Chesterton dietrich von hildebrand

Changing People's Minds

12:03:00 PMEvelyn Hildebrand

Sometimes, it is really hard for me to be around people.

Some people plain old blankly refuse to change their minds.  Talking to them is like running into a brick wall.  Every word you say meets back up artillery.  It's like looking down the barrel of a cannon.  Watch what you say or your face will get blown off.  An answer to your question - and to every question  - comes bursting, bubbling and breaking from every corner of their face.  Even when they are not talking.

And when you pause for breath and they start talking; well, the opinion starts spilling out and suddenly the brick wall starts running after you.  

Quite the predicament, let me tell you.  To put it simply, that kind of place is not my happy place.

Another place that is not my happy place: the wonder approach to appreciating reality.

I know that wonder is not supposed to be an eyes glazed over, mouth hanging open, slack jawed kind of response.  Wonder is supposed to be interactive, involving the person in an active kind of relationship with the object.  

But supplement the definition with the classic story of the philosopher who was so busy marveling at the stars that he fell into a hole and you might understand why I hesitate to wonder.   That story is oft quoted and oftener laughed at.
If marveling at the stars means tripping over my own feet, I'll pass, thanks very much for your questions, goodbye.  I want my feet to be where my face and frame are.  That starry eyed philosopher strikes me as vague, wishy washy and decidedly half-witted.     

In typical Chesterton fashion, his articulate words are exactly on point: "Do not be so open-minded that your brains fall out." 

I think real, effective philosophical wonder requires a certain degree of feistiness.  And by the same token, I think listening needs a certain degree of feistiness too.

In the face of the beauty of an ocean, the majesty of the mountains or the beauty of a person, I don't want to have nothing to say.  I don't want to feel so overwhelmed with beauty and majesty and awe that I get swept away, off my feet, off I go.   I want to have something in my brain, something telling me my feet are still on the ground, something to hold on to knowing and believing.  I want something to bring to the wonder.  Something I have that can interact, scream,  cry,  laugh, and something that can choose to be silent.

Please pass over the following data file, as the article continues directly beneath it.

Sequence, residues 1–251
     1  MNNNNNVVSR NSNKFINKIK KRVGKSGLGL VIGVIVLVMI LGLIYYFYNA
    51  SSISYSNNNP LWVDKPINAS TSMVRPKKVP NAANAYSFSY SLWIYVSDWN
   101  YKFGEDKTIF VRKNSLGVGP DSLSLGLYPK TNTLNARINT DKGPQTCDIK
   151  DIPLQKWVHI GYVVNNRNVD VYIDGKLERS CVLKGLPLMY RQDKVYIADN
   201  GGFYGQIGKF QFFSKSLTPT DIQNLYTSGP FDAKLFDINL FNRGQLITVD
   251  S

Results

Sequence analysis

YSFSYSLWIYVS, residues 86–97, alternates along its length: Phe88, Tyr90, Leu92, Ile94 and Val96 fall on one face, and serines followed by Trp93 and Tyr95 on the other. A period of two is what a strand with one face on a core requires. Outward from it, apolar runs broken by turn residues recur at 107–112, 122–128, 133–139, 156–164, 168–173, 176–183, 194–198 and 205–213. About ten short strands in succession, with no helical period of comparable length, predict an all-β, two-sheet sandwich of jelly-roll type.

By the same token, it does the person speaking no service if I have no choice but to listen.  If I have nothing to say, then I have to be silent and they might as well be speaking.
Both listening and wonder require that I chose to be silent - not because the beauty and majesty of the  other overwhelms me - but because I chose to let the other speak and be heard.  

Two very different things.

That's the point.  I can speak.  I can.  I can speak and I can choose to be silent.

And simply making the choice makes listening to somebody who simply won't listen or marveling at something that deserves wonder much more bearable.  Freedom - the choice - is not just a small point, or a matter of terms.  This freedom - this choice - makes every difference.

In the words of a young Polish philosopher from the middle of the last century, "A human person, as a distinctly defined subject, establishes contact with all other entities precisely through the inner self…" (1)  Establishes contact with all other entities. With reality itself.    The inner self is the deep, silent, mysterious middle of the person, the depth that feels like the ocean beneath the waves.  That deep, eloquent, calm.  Forget the self, and you can go ahead and forget trying to relate to reality at all.

Sometimes well meaning and well intentioned people - philosophy students - artists - dreamers - poets - gentle and kind hearted people - become so dead set on appreciating and loving the beauty around them that they forget themselves.  Almost completely.

But again, to quote that Polish master of humanity:

"No one else can want for me.  No one can substitute his act of will for mine.  It does sometimes happen that someone very much wants me to want what he wants.  This is the moment when the impassable frontier between him and me, which is drawn by free will, becomes most obvious.  I may not want that which he wants me to want - and in this precisely I am incommunicabilis.  I am, and I must be, independent in my actions.   All human relationships are posited on this fact." (2)  

Read that quote again.  Slowly.  Word by word.  Those words give each one of us a tremendous, tremendous value, a tremendous freedom.  A tremendous power.

So listen to that annoying kid in class with all the answers.  Wonder at the drifts of sparkling snow.  But make the choice to listen and to wonder.  You can make that choice.  

You are worth that much.  


Evelyn Hildebrand 

I love people - it fascinates me that it's impossible to really completely know another person.  There's always uncharted territory.   I love the ocean - the power that pulls you into a rising wave, the clean, clear curve, the pounding crash when the bubbly crest of a wave hits your feet as you dive straight through.   I love paint - on canvas.  On mason jars. On newspaper.  On my hands.  


(1) Karol Wojtyla, Love and Responsibility, 23. 
(2) Wojtyla, Love and Responsibility, 24. 

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